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Volume 24, Number 6, 2019

Dose to swallowing structures and dysphagia in head and neck Intensity Modulated Radiation Therapy – A long term prospective analysis

Ram Abhinav Kannan, TR Arul Ponni

Summary:

Aim To analyse the long term swallowing function in head and neck cancer patients and correlate with the dose to midline swallowing structures. Background The use of concurrent chemo radiation (CRT) as the present standard of care resulted in high rates of early and late toxicities. Dysphagia, aspiration, and xerostomia are early as well as late effects of radiation. Not many studies on the dysphagia scores during radiation and follow-up period have correlated dose to the swallowing structures, hence this study. Materials and Methods Histologically proven head and neck cancer patients treated with intensity modulated radiation therapy were accrued in this study. The pharyngeal constrictors, larynx and cervical oesophagus were contoured and labelled as midline swallowing structures. The volume of the midline swallowing structures which were outside the PTV was delineated separately and was given a mean dose constraint of 45 Gy. Dysphagia was assessed at baseline, weekly intervals during irradiation and follow-up at six years. The dose to the structures for swallowing was correlated with degree of dysphagia. Results There was a gradual increase in the dysphagia grade during the course of radiation. There was a significant recovery of late dysphagia compared to dysphagia during the completion of radiation therapy in patients who received <45 Gy to the swallowing structures (p < 0.0001). Conclusion Giving a constraint to the swallowing structure and limiting it to <45 Gy resulted in earlier recovery of swallowing function resulted in good physical, mental and social well being of the patients when compared to those who received >45 Gy.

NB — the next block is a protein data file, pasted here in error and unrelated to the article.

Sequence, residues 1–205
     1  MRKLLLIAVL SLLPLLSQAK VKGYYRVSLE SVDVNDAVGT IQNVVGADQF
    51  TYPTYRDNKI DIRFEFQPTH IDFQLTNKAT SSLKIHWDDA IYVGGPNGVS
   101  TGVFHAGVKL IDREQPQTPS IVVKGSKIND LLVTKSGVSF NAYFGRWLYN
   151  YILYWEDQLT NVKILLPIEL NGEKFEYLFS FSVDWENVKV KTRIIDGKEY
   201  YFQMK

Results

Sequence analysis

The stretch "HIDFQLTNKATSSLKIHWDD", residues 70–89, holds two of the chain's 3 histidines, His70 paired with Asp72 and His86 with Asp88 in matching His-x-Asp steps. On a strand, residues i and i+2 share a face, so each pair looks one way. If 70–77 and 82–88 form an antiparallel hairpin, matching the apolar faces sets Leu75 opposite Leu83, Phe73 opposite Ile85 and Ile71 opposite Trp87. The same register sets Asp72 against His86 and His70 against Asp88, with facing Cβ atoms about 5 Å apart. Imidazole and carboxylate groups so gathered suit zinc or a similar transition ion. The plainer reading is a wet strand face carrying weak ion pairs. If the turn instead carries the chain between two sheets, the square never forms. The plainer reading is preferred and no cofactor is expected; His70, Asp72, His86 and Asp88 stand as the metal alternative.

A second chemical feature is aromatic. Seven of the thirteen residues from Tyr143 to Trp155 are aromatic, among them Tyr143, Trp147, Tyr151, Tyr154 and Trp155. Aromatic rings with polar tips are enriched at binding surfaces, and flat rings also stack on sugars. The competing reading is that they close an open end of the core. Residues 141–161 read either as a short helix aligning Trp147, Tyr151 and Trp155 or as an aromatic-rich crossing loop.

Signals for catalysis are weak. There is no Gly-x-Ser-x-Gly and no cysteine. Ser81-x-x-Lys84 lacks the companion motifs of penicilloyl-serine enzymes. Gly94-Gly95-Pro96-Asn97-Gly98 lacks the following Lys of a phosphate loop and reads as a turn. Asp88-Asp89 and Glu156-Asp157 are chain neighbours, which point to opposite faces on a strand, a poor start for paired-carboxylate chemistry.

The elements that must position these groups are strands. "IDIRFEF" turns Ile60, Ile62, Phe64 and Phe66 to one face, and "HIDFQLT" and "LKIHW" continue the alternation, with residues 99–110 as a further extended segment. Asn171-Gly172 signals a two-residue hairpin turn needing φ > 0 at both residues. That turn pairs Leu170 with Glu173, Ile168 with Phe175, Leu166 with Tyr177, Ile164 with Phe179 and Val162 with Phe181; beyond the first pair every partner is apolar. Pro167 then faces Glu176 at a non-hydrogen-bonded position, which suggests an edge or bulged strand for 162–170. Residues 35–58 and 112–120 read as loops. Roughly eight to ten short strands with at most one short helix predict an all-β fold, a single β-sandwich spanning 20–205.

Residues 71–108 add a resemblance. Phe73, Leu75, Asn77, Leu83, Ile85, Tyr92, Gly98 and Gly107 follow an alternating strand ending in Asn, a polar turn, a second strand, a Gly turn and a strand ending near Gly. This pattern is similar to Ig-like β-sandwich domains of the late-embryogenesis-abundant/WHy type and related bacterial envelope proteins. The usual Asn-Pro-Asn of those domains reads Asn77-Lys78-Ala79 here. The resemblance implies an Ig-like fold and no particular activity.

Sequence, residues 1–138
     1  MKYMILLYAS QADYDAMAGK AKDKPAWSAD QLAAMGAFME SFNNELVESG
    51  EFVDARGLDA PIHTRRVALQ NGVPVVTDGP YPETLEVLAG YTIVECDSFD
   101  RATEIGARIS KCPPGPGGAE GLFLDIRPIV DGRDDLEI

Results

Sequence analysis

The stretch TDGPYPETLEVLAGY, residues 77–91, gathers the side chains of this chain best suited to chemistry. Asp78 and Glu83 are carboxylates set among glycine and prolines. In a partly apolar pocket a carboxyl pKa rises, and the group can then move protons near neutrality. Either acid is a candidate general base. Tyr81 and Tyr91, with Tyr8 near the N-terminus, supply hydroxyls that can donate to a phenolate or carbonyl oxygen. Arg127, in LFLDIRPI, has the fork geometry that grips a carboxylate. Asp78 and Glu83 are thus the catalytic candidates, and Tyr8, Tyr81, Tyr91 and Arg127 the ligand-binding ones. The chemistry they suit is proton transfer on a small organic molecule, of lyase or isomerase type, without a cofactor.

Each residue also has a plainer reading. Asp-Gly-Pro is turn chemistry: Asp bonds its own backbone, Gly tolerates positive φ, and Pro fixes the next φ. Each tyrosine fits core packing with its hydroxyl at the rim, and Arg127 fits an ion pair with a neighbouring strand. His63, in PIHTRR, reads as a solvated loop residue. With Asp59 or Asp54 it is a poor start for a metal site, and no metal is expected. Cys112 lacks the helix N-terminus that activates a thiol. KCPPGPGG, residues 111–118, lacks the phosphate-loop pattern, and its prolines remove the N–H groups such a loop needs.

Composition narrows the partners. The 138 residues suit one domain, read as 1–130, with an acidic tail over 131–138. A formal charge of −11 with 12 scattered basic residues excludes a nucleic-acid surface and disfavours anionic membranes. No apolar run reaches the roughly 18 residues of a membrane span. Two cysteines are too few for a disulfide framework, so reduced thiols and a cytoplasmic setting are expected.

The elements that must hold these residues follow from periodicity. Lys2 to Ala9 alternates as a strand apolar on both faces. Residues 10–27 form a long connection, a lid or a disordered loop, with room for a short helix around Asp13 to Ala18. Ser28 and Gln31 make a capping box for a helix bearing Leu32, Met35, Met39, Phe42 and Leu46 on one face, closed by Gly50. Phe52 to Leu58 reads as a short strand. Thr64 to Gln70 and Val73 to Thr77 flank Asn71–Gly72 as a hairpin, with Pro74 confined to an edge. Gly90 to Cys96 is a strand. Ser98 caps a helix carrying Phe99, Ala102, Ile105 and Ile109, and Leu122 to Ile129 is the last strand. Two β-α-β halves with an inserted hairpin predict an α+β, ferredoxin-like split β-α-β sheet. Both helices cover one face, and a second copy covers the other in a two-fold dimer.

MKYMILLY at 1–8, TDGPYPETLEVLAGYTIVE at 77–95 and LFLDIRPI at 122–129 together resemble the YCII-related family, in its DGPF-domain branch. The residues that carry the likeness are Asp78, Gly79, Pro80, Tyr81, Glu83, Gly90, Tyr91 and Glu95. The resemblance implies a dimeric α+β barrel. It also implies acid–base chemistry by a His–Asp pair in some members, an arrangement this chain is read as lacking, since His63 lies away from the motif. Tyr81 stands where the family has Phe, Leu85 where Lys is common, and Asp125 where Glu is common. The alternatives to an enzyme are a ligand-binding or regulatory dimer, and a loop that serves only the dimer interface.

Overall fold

Signature: Rep Pract Oncol Radiother, 2019; 24(6) : 654-659


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Indexed in: EMBASE®, the Excerpta Medica database, the Elsevier BIOBASE (Current Awareness in Biological Sciences) and in the Index Copernicus.

http://www.sciencedirect.com/science/journal/15071367/19/2